Today, the neighborhood still maintains an elegant look, although some of the houses have been divided into apartments. The open spaces and generally large lots with their well-maintained homes still make the Courthouse Hill Historic District a desirable place to live in the midst of a still-expanding community.
The Courthouse Hill Historic District is significant for architecture because it contains an outstanding group of 19th century and early 20th century architecturally styled structures, ranging from simple to elaborate forms of most of the era's major styles—Greek Revival, Italianate, Second Empire, Queen Anne, Shingle, Prairie, Bungalow, Colonial Revival, Georgian Revival, and even Spanish Colonial Revival. The cohesiveness of this district does not necessarily result from the similar size of the buildings or their construction materials, although certain streetscapes illustrate this feature, but primarily from the richness of style and the development of these styles in both the simple buildings and the elaborate houses in the district. A brief overview of the significant features in this district will illustrate this point.
While not fully developed in this district, a fine and well-preserved example of a Greek Revival house exists at 231 S. Main, the Abel Jones house. This house has the primary elements of the style as seen in more simple Greek Revival residences: wooden frieze, cornice returns and delicate pilasters.
There are several outstanding examples of the Italianate style in this district. They feature brick, stone, or frame construction, but are similar in their scale (two-story) and elaborateness. Usually with two-story main blocks, and lower-level wings, these houses feature the major details of the style: low-pitched hipped or gable roofs, wide overhanging eaves, elaborate brackets, window hoods, and porches with the small, square decorated columns typical of Italianate houses. These houses include the cream brick Doty-Baldwin house, 209-211 S. Atwood, the brick Timothy Jackman house at 55 S. Atwood, the brick George Barnes house at 303 E. Court, the frame Thomas Lappin house at 404 St. Lawrence, and one of the few extant stone buildings in the district, the Chester A. Alden house at 211 S. Main.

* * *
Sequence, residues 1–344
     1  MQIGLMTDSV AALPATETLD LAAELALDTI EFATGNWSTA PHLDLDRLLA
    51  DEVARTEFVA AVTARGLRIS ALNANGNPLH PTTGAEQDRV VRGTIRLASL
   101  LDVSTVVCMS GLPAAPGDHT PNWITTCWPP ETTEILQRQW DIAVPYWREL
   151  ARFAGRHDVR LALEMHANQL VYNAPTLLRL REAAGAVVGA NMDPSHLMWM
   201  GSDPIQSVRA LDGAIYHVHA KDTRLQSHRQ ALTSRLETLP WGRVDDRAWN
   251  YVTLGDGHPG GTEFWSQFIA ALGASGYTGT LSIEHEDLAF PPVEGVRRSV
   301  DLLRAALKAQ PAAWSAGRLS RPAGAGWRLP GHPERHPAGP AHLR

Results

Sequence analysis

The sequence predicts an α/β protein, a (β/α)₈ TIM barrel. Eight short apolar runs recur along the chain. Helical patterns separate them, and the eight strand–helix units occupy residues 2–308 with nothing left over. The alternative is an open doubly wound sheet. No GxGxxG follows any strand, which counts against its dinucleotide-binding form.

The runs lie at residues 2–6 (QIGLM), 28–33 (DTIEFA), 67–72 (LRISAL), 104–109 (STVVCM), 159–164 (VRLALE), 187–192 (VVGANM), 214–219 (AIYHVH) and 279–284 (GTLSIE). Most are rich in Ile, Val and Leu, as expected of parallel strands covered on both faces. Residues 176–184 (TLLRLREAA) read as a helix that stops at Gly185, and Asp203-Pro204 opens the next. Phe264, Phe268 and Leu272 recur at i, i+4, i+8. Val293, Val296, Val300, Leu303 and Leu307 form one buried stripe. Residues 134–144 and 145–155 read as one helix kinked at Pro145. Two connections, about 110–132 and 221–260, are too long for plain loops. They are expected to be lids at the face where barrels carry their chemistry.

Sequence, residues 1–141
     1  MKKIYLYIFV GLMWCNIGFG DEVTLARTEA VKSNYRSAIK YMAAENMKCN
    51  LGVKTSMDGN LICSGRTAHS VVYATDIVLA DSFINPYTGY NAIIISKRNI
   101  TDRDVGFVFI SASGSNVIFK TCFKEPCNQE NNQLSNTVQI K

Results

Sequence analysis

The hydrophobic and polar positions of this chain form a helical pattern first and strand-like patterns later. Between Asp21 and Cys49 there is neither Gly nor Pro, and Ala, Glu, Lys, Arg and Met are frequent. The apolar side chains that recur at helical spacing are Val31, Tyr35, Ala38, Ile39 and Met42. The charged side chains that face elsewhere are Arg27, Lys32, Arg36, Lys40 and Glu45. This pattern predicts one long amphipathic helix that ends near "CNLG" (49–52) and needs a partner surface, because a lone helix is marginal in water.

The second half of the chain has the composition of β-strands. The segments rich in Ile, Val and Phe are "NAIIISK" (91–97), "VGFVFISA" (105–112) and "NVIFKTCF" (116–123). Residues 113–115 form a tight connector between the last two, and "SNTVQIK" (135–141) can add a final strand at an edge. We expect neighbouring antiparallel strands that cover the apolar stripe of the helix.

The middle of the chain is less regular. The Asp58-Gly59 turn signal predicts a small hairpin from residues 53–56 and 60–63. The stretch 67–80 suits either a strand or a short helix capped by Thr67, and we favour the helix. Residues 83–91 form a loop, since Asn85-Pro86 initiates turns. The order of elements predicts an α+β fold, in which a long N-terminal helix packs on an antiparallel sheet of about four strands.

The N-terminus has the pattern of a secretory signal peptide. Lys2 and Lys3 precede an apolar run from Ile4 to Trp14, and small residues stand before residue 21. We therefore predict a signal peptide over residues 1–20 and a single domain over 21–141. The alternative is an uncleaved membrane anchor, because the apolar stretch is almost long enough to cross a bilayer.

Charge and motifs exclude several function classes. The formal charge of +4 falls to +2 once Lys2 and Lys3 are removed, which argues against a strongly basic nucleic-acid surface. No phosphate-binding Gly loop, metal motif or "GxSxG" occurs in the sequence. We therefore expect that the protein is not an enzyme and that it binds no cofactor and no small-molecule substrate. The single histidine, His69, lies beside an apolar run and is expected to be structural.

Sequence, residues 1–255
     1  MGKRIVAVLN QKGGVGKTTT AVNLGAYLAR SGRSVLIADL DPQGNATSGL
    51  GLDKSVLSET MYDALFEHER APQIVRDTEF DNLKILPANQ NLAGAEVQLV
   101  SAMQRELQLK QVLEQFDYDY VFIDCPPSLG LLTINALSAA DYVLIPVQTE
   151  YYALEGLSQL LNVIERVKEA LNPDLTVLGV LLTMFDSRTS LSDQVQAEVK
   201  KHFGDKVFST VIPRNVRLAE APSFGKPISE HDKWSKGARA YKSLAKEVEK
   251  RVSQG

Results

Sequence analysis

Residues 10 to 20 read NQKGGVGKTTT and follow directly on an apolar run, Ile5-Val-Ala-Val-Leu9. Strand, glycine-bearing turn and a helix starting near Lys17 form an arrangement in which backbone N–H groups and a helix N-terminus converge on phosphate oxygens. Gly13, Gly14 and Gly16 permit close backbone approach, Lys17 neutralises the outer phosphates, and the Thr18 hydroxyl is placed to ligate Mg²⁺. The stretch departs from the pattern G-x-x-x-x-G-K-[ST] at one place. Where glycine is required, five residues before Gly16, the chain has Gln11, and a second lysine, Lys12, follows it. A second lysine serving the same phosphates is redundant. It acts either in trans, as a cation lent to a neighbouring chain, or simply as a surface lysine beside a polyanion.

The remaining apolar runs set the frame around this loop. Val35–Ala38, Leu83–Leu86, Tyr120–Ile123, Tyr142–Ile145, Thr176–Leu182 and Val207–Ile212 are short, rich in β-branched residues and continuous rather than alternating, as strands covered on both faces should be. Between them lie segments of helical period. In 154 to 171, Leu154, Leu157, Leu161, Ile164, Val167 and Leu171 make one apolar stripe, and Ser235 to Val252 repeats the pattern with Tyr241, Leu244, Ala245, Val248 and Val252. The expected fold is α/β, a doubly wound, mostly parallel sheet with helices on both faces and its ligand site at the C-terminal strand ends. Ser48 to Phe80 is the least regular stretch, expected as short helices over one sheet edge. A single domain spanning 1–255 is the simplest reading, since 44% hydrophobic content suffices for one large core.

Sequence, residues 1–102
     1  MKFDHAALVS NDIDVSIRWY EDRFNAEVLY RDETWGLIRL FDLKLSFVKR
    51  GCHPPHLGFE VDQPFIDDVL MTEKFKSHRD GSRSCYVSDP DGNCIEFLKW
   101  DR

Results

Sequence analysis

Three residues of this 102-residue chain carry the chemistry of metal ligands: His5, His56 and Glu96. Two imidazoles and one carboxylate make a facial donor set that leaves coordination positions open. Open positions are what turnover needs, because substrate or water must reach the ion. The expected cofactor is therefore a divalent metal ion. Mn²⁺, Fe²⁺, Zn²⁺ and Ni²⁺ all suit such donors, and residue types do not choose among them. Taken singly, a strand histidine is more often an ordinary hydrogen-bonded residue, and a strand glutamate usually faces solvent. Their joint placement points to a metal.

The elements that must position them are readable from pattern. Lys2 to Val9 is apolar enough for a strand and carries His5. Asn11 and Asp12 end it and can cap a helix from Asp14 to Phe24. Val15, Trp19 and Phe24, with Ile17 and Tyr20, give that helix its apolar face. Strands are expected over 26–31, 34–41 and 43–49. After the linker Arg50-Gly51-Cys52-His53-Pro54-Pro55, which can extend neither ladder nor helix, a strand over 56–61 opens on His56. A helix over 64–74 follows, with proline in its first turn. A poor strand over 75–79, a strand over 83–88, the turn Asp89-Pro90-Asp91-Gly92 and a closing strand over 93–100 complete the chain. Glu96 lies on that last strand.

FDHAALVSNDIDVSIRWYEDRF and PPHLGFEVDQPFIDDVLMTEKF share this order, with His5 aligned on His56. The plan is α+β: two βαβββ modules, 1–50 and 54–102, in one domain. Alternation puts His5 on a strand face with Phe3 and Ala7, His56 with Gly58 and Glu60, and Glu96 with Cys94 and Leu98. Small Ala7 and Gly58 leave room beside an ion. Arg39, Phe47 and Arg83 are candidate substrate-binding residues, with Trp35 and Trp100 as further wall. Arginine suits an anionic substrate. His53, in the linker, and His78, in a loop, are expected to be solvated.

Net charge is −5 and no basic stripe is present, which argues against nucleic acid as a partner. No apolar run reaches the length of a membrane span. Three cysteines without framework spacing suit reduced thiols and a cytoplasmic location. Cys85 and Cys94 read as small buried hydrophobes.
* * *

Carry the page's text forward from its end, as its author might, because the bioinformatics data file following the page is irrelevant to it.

More modest examples of the Italianate style are also seen in this district, and while they do not have the elaborateness of the houses described above, they contribute to the district because they have the general Italianate form and because they have details such as wide eaves, brackets, window hoods, or Italianate porches, which add to the complexity of the development of the style in the district. These more modest examples include the Edward Jepson house at 224 Jackman, the Platt Ecyleshimer house at 602 E. Court, the George Diehls house at 625 E. Milwaukee, and the Charles Skelly house at 704 E. Milwaukee.
The Queen Anne style is probably the most fully developed style in the district. Houses were built which ranged from simple forms (two-story, asymmetrical roof line, projecting bays) such as the houses from 14 to 22 S. Wisconsin, to somewhat more complex buildings with more details including verandas, Eastlake trim, and scalloped shingles, as seen in the Mark Ripley house at 606 E. Court, the Frank Blodgett house at 825 E. Court, the Sayles house at 622 E. Court, and the houses at 343 S. Parker, 309 E. Holmes, and 718 E. Milwaukee. The most elaborate examples of the Queen Anne style, though, are wide-ranging in this district. The most classic design is probably the Claremont Jackman house at 69 S. Atwood, with its conical corner tower, two-story projecting bay section extending to form another tower, veranda with spool and spindle balusters, projecting dormers, and massive corbelled chimney. A slightly more compact version of a classic Queen Anne design is the Frank C. Cook house, 509 E. Court, which features a corner tower, veranda, projecting pediments, and bays. Also in this vein is the Frederick W. Winslow house at 327 S. Parker, with a three-story tower, shingled gable ends, and full front porch. Queen Anne houses often included a profusion of applied stickwork and Eastlake detail. A good example of this type of design in the Courthouse Hill district is the Allen Lovejoy house, 220 St. Lawrence, a cream brick two and one-half story house with multi-textured wood and shingle decorations, bargeboards, and brackets. The Michael Murphy/George Yahn house at 823 E. Milwaukee has an "explosion" of detail, accented by the multi-colored paint scheme currently in use on the facade. It features front porch beadwork, spandrels,, modillions, scalloped shingles, spool and spindle balusters, and a carved wood panel on the front facade.